Could the pure JS guy learn all this stuff? Of course! Will they do it quickly? No.

Comment: Re:Stupidly in charge of user interfaces too (Score 1) 147

by IamTheRealMike (#49776347) Attached to: Apple Design Guru Jony Ive Named Chief Design Officer

Yeah, I agree with the growing sentiment that whilst Ive is a talented hardware designer, he is also seriously overhyped (by Apple, not himself).

Case in point: how long did it take for Apple to make a larger iPhone? A long time. I read a story about Ive in a magazine. It described the process of them deciding to make a bigger screened iPhone. The design team milled dummies of a bazillion different sizes and carried them around to try and figure out the perfect larger size. They spent ages on it. They tried literally every size. Eventually they produced something ..... just like their competitors. You know what? Apple ignored the trend for years. Then they procrastinated because their holy design team can't do anything fast. They could just have looked at what was selling well - it's not always a good idea but it's not always a bad idea either. But they made a mountain out of it.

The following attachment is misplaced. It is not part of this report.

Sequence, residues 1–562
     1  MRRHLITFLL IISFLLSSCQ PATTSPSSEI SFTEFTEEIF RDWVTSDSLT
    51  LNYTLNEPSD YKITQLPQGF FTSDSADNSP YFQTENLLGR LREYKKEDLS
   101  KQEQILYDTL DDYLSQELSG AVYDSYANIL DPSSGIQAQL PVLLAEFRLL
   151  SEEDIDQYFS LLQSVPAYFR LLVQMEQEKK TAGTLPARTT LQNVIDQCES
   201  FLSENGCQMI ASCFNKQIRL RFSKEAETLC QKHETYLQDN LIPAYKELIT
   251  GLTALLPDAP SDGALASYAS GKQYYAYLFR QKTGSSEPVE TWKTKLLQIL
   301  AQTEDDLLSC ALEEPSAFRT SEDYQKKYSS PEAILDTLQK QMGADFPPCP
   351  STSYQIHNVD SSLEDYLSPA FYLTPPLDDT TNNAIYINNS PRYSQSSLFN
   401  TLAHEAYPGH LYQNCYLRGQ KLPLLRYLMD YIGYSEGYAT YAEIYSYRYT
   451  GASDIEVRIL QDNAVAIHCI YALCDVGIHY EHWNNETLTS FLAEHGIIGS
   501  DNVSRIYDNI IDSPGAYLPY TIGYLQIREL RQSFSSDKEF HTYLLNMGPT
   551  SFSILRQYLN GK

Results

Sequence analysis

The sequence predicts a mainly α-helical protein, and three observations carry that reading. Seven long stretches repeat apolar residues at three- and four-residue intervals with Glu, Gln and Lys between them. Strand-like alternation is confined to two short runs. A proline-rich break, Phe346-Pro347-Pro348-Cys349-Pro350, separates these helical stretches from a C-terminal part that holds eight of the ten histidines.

Why do Apple's products have almost no customisability? Why did it take YEARS for them to even support setting a wallpaper image in iOS? Well, probably because:

Ive’s decision to offer choice was a challenge to Apple’s recurring theme of design inevitability. In one of our conversations, Ive was scathing about a rival’s product, after asking me not to name it: “Their value proposition was ‘Make it whatever you want. You can choose whatever color you want.’ And I believe that’s abdicating your responsibility as a designer.”

He was probably talking about a Motorola phone. But I guess that's why everything Apple makes is white. You wouldn't want to "abdicate your responsibility" by letting people choose colours! Well, unless it's a watch, of course.

If you read the whole New Yorker article you'll get an overwhelming sense that the design team there live in a bubble where they feel it's OK to spend months on a trivial detail and then produce something almost exactly the same as what their competitors did in a week. Apple has been consistently behind the Android market for years now when it comes to features and even new design ideas, and reading the article will reveal why.